Although the test for interaction between multivitamin supplement use and breast cancer risk according to levels of alcohol intake was not significant (p for interaction = 0.69), use of multivitamin supplements was nonsignificantly inversely associated with risk of breast cancer among women who consumed ≥10 g/day of alcohol (multivariable RR = 0.81, 95 percent CI: 0.54, 1.21 for past users; multivariable RR = 0.78, 95 percent CI: 0.50, 1.20 for current users) ( Table 3 ). There was no association between multivitamin use and breast cancer risk among women consuming <10 g/day of alcohol ( Table 3 ). When multivitamin supplement use and alcohol intake were evaluated in combination, multivitamin use appeared to reduce the increased risk of breast cancer associated with higher alcohol intake (Figure 1). The association between multivitamin supplement use and breast cancer risk did not differ by randomized vitamin E treatment assignment (p for interaction = 0.94) or by postmenopausal hormone use (p for interaction = 0.71). Analyses according to menopausal status suggested a nonsignificant interaction between multivitamin supplement use and menopausal status in relation to the risk of invasive breast cancer (p for interaction = 0.20). The multivariable relative risks were 1.31 (95 percent CI: 0.83, 2.05) for past users and 1.36 (95 percent CI: 0.85, 2.18) for current users among premenopausal women, and they were 0.89 (95 percent CI: 0.72, 1.09) for past users and 0.82 (95 percent CI: 0.66, 1.03) for current users among postmenopausal women ( Table 4 ).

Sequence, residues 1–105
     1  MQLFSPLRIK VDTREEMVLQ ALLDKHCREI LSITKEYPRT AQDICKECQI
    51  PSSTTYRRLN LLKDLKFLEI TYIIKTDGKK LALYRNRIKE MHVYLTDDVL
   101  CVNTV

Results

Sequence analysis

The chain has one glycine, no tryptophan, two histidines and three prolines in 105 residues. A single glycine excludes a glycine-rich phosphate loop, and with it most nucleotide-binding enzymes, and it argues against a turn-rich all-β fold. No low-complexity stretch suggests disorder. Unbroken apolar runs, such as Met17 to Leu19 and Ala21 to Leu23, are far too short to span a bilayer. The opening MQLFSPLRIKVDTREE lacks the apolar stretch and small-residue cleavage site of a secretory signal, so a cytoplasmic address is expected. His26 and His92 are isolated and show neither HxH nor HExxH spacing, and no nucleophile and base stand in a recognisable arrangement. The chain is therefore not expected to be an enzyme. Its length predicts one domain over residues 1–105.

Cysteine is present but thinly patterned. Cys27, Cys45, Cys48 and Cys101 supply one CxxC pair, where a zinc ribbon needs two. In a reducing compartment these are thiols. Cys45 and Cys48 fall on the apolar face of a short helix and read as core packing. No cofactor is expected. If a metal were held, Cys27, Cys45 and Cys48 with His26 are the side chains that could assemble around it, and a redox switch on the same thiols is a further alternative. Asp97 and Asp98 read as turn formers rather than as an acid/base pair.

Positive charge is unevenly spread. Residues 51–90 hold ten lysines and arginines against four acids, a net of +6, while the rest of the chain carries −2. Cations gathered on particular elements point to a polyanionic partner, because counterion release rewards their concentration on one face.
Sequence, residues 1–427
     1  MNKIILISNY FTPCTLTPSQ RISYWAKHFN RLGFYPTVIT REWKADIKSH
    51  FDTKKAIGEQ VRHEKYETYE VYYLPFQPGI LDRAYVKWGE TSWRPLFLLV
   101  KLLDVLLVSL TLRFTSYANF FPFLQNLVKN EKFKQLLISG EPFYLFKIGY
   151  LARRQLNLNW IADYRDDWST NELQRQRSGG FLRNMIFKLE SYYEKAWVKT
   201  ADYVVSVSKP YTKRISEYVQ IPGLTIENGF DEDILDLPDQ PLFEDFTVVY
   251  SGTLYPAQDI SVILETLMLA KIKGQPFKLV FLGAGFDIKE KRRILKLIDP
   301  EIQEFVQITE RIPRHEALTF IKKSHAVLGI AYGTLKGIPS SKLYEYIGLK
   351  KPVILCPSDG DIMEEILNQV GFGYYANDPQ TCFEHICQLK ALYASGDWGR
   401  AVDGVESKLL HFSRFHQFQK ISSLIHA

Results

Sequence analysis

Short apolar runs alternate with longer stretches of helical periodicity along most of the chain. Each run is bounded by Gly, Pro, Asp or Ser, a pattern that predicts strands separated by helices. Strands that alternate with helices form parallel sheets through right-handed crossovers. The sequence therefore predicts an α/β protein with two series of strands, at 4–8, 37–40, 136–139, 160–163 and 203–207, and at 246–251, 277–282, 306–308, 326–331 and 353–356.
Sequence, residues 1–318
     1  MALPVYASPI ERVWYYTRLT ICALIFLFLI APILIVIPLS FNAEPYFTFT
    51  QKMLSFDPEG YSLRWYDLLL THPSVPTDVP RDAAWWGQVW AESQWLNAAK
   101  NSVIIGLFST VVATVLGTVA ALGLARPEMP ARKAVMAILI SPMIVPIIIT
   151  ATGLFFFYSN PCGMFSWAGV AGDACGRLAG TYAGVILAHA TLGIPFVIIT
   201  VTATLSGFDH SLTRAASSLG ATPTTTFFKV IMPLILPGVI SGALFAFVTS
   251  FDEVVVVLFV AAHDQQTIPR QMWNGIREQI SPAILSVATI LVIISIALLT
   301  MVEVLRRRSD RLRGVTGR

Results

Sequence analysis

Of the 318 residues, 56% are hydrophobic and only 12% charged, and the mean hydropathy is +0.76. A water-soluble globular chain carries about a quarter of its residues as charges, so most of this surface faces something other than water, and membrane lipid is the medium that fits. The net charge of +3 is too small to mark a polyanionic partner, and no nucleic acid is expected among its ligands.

Multivariable relative risks (RRs; values given above the bars) of breast cancer by multivitamin use and alcohol intake in the Women's Health Study, United States, 1992–2004. The reference group for all comparisons was women who were never users of multivitamins and nondrinkers of alcohol.

Separate analyses according to various hormone receptor statuses revealed a nonsignificant inverse association between status of multivitamin supplement use and risk of developing ER–PR– breast cancer; the multivariable relative risks were 0.67 (95 percent CI: 0.42, 1.06) for past users and 0.73 (95 percent CI: 0.45, 1.20) for current users ( Table 5 ). Such an association was significant for past users who took multivitamin supplements for 5 or more years (multivariable RR = 0.46, 95 percent CI: 0.22, 0.96). Past use for 5 or more years was also significantly associated with reduced risk of developing breast tumors with no lymph node metastasis (multivariable RR = 0.68, 95 percent CI: 0.49, 0.94), but no significant association was observed for tumors metastasized to lymph nodes ( Table 6 ). In addition, multivitamin use was nonsignificantly associated with a reduced risk of developing ≤2-cm breast tumors but an increased risk for >2-cm tumors. No significant associations for multivitamin supplement use and breast cancer risk were found according to histologic grading and differentiation (data not shown).